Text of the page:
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Intel announces 'self encrypting' solid state drives to fight data breaches

SSD Pro 2500 series aims to protect against 'significant financial loss'
Tue Jul 22 2014, 17:15

INTEL HAS ANNOUNCED the Drive Pro 2500 series of solid state disk (SSD) drives that are "self encrypting", which the firm says makes them more secure against data breaches.

Aimed at businesses, the Intel SSD Pro 2500 series will come in a 2.4in 7mm form factor with 120GB, 180GB, 240GB, 360GB and 480GB capacities, M.2 80mm size with 180GB, 240GB and 360GB capacities, and M.2 60mm size with 180GB or 240GB capacities.

Intel SSD Pro 2500 Series

Intel promises that each form factor type will provide random input/output operations per second (IOPS) of up to 48K/80K and sequential read/write data transfer speeds of up to 540/490MBps.

"[The] Solid State Drive Pro 2500 series [has] over [six times] higher performance with new advanced low power modes yielding an optimized user experience and longer battery life," Intel said in a press briefing.

In terms of power, the drives will have an active wattage of 195mW, idle 55mW and devsleep of 5mW. The drives will also ship with Intel vPro-capable remote manageability features.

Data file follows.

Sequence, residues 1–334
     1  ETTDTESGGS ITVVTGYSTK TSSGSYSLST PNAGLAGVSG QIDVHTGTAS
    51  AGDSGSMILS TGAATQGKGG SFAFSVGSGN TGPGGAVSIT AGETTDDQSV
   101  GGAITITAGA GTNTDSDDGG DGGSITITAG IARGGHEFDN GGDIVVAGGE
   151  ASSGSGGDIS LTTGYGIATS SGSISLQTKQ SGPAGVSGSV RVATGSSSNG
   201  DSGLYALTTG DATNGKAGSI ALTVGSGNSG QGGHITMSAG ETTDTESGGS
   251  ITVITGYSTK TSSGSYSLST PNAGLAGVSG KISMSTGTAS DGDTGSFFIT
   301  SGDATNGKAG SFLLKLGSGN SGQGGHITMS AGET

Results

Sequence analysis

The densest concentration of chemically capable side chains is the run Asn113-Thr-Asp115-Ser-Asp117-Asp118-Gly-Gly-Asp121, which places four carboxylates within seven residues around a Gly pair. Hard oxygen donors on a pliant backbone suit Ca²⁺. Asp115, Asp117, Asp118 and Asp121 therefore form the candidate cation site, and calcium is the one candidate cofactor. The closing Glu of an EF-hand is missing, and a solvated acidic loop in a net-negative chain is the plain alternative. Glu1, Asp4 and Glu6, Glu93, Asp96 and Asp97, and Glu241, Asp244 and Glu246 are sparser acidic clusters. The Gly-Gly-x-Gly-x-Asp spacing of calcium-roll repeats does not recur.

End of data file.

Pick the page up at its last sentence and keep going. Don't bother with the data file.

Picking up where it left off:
Intel SSD Pro 2500 Series slide

Intel said that the reason behind the launch of the self encrypting SSDs is due to rise of data breaches affecting businesses having "significant financial consequences".

Intel said the average cost of data breach incident is in the region of $3.4m (£2m), with malicious attacks being the main cause. The firm also said that lost laptops are a concern and the average cost of a lost unencrypted device is $50,000 (£30,000) including intellectual property loss, data breaches, lost productivity, replacement and legal costs, so the need for businesses to encrypt data is more pressing than ever.

Data breaches are also becoming a bigger concern on a personal level, too, as it has emerged that cyber crooks are increasingly turning to "sextortion" attacks in which they blackmail victims with the threat of exposing explicit photographs or messages.

Security experts warned that cyber criminals might try to befriend victims and trick them into sharing pictures, or may use malware to target victims' webcams and take pictures themselves in order to acquire blackmail material. µ

 

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